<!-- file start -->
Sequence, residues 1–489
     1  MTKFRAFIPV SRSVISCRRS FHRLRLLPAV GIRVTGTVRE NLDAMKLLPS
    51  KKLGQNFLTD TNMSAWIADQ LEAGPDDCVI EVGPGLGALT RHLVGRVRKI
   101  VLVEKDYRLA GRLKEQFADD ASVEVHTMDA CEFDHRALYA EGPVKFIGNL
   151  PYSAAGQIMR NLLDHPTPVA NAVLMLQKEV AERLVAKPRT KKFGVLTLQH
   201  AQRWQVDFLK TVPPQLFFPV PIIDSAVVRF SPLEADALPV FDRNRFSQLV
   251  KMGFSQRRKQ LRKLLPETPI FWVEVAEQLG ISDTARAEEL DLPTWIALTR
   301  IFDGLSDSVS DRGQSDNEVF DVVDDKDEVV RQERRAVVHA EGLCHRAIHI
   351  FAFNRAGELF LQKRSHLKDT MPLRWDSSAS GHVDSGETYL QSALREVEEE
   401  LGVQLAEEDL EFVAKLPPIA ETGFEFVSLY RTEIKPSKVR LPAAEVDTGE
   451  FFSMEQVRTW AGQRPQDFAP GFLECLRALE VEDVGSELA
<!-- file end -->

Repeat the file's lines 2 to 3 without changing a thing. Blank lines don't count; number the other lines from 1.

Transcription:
     1  MTKFRAFIPV SRSVISCRRS FHRLRLLPAV GIRVTGTVRE NLDAMKLLPS
    51  KKLGQNFLTD TNMSAWIADQ LEAGPDDCVI EVGPGLGALT RHLVGRVRKI